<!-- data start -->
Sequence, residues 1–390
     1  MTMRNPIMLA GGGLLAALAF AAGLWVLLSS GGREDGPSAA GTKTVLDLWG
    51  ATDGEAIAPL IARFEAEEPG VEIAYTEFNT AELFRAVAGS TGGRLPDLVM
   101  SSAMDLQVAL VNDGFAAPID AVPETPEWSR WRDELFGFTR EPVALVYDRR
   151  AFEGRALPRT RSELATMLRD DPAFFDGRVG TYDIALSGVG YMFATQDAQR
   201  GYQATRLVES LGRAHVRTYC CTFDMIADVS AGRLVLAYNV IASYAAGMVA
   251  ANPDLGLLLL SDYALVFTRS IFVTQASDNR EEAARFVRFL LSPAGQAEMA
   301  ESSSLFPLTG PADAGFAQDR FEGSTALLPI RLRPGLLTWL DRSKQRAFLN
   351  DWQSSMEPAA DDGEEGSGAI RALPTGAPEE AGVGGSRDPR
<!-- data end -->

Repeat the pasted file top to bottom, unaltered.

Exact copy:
Sequence, residues 1–390
     1  MTMRNPIMLA GGGLLAALAF AAGLWVLLSS GGREDGPSAA GTKTVLDLWG
    51  ATDGEAIAPL IARFEAEEPG VEIAYTEFNT AELFRAVAGS TGGRLPDLVM
   101  SSAMDLQVAL VNDGFAAPID AVPETPEWSR WRDELFGFTR EPVALVYDRR
   151  AFEGRALPRT RSELATMLRD DPAFFDGRVG TYDIALSGVG YMFATQDAQR
   201  GYQATRLVES LGRAHVRTYC CTFDMIADVS AGRLVLAYNV IASYAAGMVA
   251  ANPDLGLLLL SDYALVFTRS IFVTQASDNR EEAARFVRFL LSPAGQAEMA
   301  ESSSLFPLTG PADAGFAQDR FEGSTALLPI RLRPGLLTWL DRSKQRAFLN
   351  DWQSSMEPAA DDGEEGSGAI RALPTGAPEE AGVGGSRDPR